15 Steps to Building Collaborative Relationships on Campus
Here’s how three university emergency managers developed strong programs by fostering partnerships with students, faculty, staff and off-campus stakeholders.
Ask any college campus emergency manager what is the key to success in making their campus better prepared, and they’ll likely provide the same answer: collaborative relationships. Campus law enforcement learned the importance of community policing, and much has been written on how to develop such a program. Unfortunately, not much guidance has been provided to campus emergency managers on how to develop these important relationships.
The first step for emergency managers is to get out of the office and meet various campus stakeholders. Start off with the staff members where future interaction is likely: facility operations directors, chief of police, environmental health and safety staff (chemical safety, lab safety, biological safety, hazmat, etc), health services, athletics, dean of students, student government, residence life staff, etc.
Emergency managers new to the campus environment will greatly benefit from taking the online IS-100 Incident Command System for Higher Education. It provides excellent examples of who are the important staff members on a college campus. Sometimes the seemingly obvious is not quite so obvious. For example, who is responsible for snow removal, facility operations, transportation, landscaping, or someone else?
Other than simply meeting and greeting, what else can an emergency manger do to start getting to know people on campus?
1. Ask to attend the first part of other departmental staff meetings to introduce yourself and describe your roles and responsibilities. Police, environmental health and safety, student affairs, residence life, facility operations and student health services would be good places to begin.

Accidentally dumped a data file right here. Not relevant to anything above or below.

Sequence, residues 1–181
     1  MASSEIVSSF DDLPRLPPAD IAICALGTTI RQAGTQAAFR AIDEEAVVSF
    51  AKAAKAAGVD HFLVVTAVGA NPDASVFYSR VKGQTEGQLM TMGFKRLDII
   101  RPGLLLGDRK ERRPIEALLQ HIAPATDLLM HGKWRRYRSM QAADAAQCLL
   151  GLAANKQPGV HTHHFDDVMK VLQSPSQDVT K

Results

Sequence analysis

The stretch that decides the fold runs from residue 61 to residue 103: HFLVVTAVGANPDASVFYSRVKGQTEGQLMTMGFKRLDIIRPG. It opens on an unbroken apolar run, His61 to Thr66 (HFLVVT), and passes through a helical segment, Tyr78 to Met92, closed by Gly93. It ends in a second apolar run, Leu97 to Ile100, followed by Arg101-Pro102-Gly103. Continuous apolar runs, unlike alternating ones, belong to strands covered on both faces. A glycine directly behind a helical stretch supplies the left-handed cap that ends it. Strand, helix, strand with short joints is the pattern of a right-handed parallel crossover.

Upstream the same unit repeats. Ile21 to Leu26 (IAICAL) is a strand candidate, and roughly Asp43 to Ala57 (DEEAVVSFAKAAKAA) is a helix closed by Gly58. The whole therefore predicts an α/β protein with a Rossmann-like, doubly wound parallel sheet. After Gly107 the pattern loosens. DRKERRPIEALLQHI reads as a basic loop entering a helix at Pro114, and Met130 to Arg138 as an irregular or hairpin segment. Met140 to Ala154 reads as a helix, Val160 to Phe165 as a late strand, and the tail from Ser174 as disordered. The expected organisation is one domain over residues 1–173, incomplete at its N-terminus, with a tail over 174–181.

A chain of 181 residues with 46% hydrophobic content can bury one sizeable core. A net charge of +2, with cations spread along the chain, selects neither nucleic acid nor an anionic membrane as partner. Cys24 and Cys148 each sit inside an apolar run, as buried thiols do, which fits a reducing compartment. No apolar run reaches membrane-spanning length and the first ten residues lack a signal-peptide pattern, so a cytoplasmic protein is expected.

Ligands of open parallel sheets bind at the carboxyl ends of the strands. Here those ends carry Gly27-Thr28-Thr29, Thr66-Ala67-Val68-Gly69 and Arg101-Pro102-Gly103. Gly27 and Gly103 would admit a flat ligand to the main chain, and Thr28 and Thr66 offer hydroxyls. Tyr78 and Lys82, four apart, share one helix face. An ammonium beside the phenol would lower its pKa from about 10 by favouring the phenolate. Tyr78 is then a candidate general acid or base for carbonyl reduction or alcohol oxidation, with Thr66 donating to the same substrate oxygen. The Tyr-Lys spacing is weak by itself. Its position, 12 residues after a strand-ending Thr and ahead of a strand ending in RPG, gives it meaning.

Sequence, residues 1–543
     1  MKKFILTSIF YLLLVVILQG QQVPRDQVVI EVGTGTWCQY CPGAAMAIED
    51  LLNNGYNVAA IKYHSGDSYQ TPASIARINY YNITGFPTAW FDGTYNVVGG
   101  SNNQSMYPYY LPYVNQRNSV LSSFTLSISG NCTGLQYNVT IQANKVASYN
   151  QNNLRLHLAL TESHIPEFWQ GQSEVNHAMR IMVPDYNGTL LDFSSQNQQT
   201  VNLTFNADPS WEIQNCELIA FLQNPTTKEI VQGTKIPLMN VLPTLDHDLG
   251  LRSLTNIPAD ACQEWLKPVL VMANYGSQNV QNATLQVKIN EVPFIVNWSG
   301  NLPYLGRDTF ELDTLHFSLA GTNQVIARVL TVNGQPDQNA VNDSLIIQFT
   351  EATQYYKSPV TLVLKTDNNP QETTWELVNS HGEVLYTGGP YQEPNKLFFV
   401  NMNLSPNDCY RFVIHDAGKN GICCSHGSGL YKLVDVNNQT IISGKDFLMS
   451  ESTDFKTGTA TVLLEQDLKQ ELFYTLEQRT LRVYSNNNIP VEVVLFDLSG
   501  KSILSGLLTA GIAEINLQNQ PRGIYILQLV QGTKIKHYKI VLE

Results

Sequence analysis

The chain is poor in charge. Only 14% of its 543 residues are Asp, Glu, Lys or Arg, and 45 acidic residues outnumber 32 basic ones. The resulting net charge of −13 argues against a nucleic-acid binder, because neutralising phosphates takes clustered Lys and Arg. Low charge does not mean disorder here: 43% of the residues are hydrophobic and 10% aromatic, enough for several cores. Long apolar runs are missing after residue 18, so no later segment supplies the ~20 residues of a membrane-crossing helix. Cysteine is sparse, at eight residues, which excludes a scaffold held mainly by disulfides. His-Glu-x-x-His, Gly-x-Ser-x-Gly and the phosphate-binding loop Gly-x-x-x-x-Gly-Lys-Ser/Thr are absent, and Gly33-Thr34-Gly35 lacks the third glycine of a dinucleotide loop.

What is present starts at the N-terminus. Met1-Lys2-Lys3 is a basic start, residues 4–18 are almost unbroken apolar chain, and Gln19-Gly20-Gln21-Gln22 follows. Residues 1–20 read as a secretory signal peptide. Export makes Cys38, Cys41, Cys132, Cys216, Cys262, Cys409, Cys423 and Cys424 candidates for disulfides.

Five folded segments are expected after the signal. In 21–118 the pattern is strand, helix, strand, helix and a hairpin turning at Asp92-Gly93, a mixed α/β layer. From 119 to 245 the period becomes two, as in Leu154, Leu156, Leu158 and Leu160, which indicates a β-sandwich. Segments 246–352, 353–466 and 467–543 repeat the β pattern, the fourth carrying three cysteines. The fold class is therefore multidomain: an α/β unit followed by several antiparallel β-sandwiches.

2. Develop an emergency management committee. Membership for this committee should include senior leadership from the following departments: campus life, facilities and engineering, communications and marketing, finance and administration, general counsel, environmental health and safety, human resources, government affairs, information technology, campus police, office of the provost, research infrastructure, risk management, student health, counseling services and transportation services. This committee can vet polices and could also be utilized as the operational response group for campus emergencies.
3. Teach a course! It’s a great way to meet faculty, and of course, students.Teaching a section of the freshman orientation course can be particularly useful since you’ll meet a variety of other instructors, and you’ll always have a captive new student audience to bounce ideas off of.
4. Serve as a campus organizational advisor to get to know more students.
5. Start a volunteer program for faculty, staff and students like a Campus Emergency Response Team (CERT) or Medical Reserve Corps (MRC). These programs offer excellent networking opportunities that allow an emergency manager to interact with many members of the campus community while creating more campus ambassadors to help spread the emergency preparedness message.
6. Organize a quarterly or monthly (as resources and funding permit) lunch meeting where internal campus partners (public safety, health center, student affairs, etc.) and external campus partners (fire, EMS, emergency management, public health, etc.) are encouraged to network and share resources and training opportunities. This will help prevent the potential issue of campus and community partners meeting for the first time at the scene of a campus emergency.
7. Facilitate an emergency exercise such as a drill or tabletop exercise. This is a great way to establish and sustain relationships between campus and community partners.